Losing is always a very hard pill to swallow. Accepting defeat after trying one's absolute best is quite often a disheartening task. However, the true test of one's mettle is always in the face of defeat, not victory.
In nearly every competitive encounter, the rules are usually organized such that the outcome of all events will result in one and only one winner. By default, this mandates that all of the other competitors must lose.
If one has done everything humanly possible, and even beyond at times, to prepare for the competition and still does not win, then there is absolutely no reason for reproach or self-recrimination.
Although the victors may receive the public accolades, the true winners of competitions are all those who tried their absolute best to win, regardless of the results. These true winners have accomplished something greater than the fleeting fame of victory - they have enhanced the quality of their lives permanently by improving themselves physically and/or intellectually.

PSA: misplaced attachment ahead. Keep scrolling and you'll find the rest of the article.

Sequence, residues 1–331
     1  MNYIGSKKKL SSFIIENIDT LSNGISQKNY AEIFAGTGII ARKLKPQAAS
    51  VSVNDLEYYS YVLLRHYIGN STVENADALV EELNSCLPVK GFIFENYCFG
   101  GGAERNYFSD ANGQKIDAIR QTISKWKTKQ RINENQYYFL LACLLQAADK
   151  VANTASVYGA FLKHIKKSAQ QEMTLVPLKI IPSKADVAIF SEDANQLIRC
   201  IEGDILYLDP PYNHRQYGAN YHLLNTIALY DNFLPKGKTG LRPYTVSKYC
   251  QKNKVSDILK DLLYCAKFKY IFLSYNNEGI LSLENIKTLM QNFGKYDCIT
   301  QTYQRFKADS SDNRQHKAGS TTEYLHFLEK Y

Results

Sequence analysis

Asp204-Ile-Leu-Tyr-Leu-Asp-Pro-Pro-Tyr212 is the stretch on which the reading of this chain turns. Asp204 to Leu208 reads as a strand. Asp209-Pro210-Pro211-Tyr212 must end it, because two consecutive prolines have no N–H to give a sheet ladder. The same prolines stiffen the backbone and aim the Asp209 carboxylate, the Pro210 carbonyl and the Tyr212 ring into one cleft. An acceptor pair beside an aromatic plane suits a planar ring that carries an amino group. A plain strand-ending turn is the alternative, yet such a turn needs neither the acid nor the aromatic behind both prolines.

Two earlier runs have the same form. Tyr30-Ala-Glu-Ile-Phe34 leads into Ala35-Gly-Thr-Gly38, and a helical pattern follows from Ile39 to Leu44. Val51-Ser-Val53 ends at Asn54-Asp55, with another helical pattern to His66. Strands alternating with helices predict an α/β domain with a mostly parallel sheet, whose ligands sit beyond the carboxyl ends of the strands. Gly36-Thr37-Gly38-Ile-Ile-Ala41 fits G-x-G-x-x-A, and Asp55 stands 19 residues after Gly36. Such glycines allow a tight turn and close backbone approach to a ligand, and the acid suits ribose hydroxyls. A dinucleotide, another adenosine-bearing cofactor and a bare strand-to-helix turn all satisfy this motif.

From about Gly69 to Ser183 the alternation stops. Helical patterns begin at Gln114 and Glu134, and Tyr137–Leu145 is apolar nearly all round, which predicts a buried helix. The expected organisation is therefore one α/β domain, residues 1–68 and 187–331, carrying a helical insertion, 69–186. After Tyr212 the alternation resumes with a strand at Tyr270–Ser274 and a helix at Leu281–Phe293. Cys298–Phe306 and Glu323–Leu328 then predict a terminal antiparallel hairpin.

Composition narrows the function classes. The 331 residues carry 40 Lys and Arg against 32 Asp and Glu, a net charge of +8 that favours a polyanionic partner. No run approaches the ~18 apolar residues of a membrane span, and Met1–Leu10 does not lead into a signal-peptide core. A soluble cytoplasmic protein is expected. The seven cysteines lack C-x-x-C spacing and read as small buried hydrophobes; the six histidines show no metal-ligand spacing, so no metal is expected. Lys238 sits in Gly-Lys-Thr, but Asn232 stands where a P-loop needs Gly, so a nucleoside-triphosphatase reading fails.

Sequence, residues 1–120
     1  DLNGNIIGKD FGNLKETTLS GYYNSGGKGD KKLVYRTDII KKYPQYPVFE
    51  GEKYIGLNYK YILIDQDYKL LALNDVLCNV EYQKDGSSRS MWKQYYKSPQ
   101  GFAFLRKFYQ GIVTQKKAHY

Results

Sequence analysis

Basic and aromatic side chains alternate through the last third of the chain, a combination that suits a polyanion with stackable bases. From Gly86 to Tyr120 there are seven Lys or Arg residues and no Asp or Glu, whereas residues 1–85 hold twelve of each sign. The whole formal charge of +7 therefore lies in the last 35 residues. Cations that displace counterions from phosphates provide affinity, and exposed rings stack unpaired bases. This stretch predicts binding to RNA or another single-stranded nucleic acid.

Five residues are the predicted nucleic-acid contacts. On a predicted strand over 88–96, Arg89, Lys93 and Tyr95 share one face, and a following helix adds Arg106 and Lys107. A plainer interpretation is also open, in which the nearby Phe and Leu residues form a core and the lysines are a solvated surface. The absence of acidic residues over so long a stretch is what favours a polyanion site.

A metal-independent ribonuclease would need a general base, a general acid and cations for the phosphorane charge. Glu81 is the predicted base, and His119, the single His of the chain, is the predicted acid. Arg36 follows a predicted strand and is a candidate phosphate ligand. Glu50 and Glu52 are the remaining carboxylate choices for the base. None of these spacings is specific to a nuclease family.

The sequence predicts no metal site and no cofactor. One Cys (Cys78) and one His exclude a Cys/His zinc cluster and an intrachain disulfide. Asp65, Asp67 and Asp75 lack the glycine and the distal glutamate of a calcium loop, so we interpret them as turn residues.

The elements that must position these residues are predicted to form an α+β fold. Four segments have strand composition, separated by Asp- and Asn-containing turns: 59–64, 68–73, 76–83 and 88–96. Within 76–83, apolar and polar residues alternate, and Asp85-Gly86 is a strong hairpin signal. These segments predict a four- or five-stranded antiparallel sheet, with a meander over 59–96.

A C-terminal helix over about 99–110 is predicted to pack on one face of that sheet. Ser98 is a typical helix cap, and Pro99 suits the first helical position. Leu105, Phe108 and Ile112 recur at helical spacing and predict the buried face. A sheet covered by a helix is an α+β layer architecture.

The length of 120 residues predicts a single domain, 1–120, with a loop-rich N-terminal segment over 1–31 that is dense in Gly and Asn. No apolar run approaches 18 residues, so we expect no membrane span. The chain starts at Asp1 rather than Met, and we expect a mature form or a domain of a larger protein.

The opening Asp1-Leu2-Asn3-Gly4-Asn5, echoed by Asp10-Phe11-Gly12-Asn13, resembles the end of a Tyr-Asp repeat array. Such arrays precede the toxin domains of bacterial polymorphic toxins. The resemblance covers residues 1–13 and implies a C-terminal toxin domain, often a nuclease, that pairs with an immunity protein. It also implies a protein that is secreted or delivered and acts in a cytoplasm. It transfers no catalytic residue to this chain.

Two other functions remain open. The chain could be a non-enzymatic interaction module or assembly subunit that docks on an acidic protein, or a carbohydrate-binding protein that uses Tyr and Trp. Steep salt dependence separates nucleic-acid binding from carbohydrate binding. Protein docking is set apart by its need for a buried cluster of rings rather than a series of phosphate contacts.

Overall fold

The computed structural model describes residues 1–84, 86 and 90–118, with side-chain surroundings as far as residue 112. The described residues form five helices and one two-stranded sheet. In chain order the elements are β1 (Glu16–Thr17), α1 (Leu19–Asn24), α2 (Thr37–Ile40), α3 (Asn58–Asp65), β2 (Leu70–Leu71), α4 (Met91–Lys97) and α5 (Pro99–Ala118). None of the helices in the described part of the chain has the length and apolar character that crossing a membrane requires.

Learning from one's losses and mistakes can bring about victory, even for legendary Kings.
As the old tale is told, Robert the Bruce, King of Scotland, retreated to a cave after losing a battle for Scotland's freedom from the English.
Whilst in the cave, despondent and resigned to failure, he observed a spider trying to build a web. After falling down over and over again, failing in his attempts, the spider kept endeavoring, finally completing his web.
Invigorated by the spider's triumph, the King went forth and rallied his men against the English to the famous cry - 'If at first you don't succeed, try, try, and try again.'
It is by looking into the face of defeat, can one really find the true nature of one's own character.
This was very clearly stated, by the role portrayed by Hal Holbrook to Charlie Sheen's character in the movie Wall Street (1987), as the Sheen character is about to be arrested, with the words, 'Man looks in the abyss, there's nothing staring back at him, at that moment, man finds his character and that is what keeps him out of the abyss.'
We should never fear defeat, except only, for not learning from it.
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